13. I lived in Bromley once. I do my best to forget about it. The nearest equivalent to Bromley and so on in an Edinburgh context would be a village some 10 to 15 miles outside of Edinburgh. Maybe Prestonpans or some such. I worked in London for about 2 years (lived in a mix of Chingford, Walthamstow and Bromley) and it's a completely different world to Edinburgh. If you imagined an Edinburgh where no one but the hyper rich lived within 2 miles of the city centre and all the rest lived in places that consisted of copies of either Niddrie, Oxgangs or Merchiston scattered in random lumps within 10 miles of Edinburgh proper, then you've got London.
  14. Looking at the first flat compared to the first 3-bed semi one, the net internal area of the house seems to be around 55sq m (63 or so counting the attic) compared to around 90sq m for the flat, so we're talking about getting on for twice the area. The flat, (5/1) was ought off-plan in May 2003 for £200,000. Flat 1/2 which is likely to be broadly similar was bought for £211K in June 2003 and sold for £265K in Nov 2009. I would be surprised therefore if 5/1 sold for more than £270k. So the situation might not be as cut and dried as a simple room count would show.
  15. Well there are all the newish (2000-02) flats on Littlejohn Road in Greenbank. From looking at schedules there are quite a few which are the size of genuine 3-bedders in Merchiston if not bigger and they have garages. According to Our Property they seem to sell in the range of £330k. So that gives an idea of the premium that Merchiston attracts compared to Greenbank and the relative prices of bungalows vs flats.
  16. Interesting just had a flurry of price drops and changes on my ESPC watch list. To be precise 9 changes out of a list of 62 in 3 days. That's the most I've seen in a long time. A lot of them are really marketing rather than genuine drops. But there's been nothing like this in my records since mid-November 2008, just after the market peaked in summer 2008. what I mean by marketing rather than a genuine reduction: 41/1 Colinton Road has changed from Fixed Price 335,000 to In The Region Of 340,000. Still, where marketing leads, price drops are soon to follow.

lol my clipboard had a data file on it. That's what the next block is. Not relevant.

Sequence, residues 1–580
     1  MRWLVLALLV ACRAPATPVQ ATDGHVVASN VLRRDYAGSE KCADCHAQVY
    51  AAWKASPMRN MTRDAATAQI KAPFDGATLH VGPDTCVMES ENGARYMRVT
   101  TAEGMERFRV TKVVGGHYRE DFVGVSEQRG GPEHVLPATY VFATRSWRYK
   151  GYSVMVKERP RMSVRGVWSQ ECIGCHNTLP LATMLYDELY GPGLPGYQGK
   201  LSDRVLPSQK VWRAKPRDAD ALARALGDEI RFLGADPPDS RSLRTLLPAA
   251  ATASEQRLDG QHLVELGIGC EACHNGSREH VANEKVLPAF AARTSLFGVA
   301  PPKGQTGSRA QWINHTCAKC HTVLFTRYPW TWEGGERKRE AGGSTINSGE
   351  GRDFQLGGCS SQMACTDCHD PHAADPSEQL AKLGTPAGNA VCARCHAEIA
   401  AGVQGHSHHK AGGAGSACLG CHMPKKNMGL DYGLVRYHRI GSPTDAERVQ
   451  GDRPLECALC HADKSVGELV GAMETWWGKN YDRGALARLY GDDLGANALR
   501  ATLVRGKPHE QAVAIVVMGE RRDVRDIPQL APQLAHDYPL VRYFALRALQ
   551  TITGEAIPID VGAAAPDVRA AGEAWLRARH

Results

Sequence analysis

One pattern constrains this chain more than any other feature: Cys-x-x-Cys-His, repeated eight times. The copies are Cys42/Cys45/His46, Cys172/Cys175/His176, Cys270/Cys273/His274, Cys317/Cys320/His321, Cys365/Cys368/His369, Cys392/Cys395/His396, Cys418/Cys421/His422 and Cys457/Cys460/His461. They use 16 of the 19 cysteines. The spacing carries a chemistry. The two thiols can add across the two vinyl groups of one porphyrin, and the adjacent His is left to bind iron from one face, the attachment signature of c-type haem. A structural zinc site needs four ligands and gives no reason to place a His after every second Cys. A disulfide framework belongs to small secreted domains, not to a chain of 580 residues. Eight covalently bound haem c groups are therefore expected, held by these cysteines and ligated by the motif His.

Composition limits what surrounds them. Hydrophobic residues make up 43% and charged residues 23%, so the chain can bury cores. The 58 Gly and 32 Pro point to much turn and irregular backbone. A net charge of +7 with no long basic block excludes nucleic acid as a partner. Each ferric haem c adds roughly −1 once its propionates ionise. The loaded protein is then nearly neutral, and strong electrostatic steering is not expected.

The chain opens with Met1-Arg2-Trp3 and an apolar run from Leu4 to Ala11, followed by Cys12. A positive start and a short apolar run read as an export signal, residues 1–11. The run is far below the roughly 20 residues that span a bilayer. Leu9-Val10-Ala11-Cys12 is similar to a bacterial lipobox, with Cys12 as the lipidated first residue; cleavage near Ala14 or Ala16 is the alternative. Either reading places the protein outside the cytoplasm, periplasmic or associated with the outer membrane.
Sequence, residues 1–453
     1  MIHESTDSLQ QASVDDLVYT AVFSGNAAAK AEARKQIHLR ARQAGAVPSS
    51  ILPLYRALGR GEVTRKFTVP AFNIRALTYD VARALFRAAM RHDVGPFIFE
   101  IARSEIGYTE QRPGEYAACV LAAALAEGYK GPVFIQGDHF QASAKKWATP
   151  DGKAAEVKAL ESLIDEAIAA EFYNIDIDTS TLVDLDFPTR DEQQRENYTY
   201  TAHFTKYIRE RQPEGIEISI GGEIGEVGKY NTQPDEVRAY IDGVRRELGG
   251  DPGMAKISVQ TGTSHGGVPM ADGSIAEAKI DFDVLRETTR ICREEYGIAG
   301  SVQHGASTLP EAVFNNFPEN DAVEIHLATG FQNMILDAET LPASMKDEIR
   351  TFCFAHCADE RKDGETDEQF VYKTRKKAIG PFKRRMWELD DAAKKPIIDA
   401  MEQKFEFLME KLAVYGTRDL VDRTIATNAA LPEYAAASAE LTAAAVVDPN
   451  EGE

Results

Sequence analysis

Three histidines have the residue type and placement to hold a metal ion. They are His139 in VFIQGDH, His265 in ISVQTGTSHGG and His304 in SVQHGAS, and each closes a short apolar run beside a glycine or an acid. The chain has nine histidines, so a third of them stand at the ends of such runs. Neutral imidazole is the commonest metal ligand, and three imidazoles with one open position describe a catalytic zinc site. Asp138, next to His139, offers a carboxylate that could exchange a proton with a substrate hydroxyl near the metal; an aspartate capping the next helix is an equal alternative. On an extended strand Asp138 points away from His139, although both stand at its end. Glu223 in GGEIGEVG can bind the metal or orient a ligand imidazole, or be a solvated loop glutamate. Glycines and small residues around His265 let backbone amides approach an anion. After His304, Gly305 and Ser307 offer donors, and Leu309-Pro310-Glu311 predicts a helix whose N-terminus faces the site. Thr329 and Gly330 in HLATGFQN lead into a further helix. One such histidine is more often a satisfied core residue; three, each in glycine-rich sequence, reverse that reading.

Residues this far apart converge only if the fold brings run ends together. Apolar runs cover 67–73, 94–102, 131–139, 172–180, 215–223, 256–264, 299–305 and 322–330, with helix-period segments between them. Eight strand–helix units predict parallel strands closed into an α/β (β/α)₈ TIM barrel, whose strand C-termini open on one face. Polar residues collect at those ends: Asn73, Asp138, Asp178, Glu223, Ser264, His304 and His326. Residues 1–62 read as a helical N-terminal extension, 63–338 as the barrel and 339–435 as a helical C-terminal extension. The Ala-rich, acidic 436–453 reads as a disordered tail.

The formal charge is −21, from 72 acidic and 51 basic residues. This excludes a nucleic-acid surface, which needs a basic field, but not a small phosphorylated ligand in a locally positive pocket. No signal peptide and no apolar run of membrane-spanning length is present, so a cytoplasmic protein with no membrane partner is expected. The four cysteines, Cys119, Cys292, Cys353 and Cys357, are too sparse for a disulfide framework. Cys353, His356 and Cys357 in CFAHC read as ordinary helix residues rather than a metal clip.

17. Well their data tells you what actually sold but isn't differentiated. Look at Edinburgh City in August for example: year sold average price 2010 831 £235,088 2009 727 £208,762 2008 764 £228,916 2007 1,771 £225,116 2006 1,937 £198,339 From that it's clear that volumes have nose-dived yet, apparently, this year prices went up. Without knowing what the proportion of types of property sold in 2010 is compared to 2006 we don't know why prices have gone up. Is it because fewer lower priced houses are selling or has there been general house price inflation? One argument is that in 2006 and 2007 you had a lot of volume at the low end among FTBers and BTLers who now don't have access to credit. There are so many potential factors that could be at play that the data as presented offers more questions than answers. For example, is the rise in volume and average prices between 2009-2010 going to continue or was it a dead cat bounce? Normally, reduced volume would lead to reduced prices yet from 2007 to 2008 volume shrunk by more than half while average prices went up. As another example, in August 2003, the stats were 1,581 sold at an average price of £151,969. A friend in the East Midlands has just sold his house for slightly less than what he paid for it in August 2003. For the same thing to happen in Edinburgh you're talking about 30%+ drop in prices.
  18. I thought her post was really useful. The bottom line is that actual, real numbers are useful. The poster's information helps illustrate a useful piece of data: what happens when people on London wages look to move out of London. There is a cohort of people for whom Edinburgh looks cheap and who have the desire and capital to move here. It helps illustrate where demand for Edinburgh properties can come from. Sticking our collective fingers in our ears and refusing to consider data really doesn't help. So for what it's worth I didn't think it was boastful at all, just useful.
  19. Well 41/4 Colinton Road sold for £341,000 in April 2010. 41/1 is on the market for £340,000 and 41/5 is on the marker for £335,000. Given those figures, if either of them sell, it'll probably be for around £320,000- £340,000 I would guess. According to Bee 41/5 it's been on since August 19th with no prices chances so there's a chance it simply won't sell while 41/1 is brand new. Both priced at around £3200 per sq metre. The price history for what is either 41/1 or 41/2 seems to be: 02-Jun-2006 £299,000 25-Jul-2003 £215,000 [edit] they seem to have fixed the Chrome issue at last so no more need for html...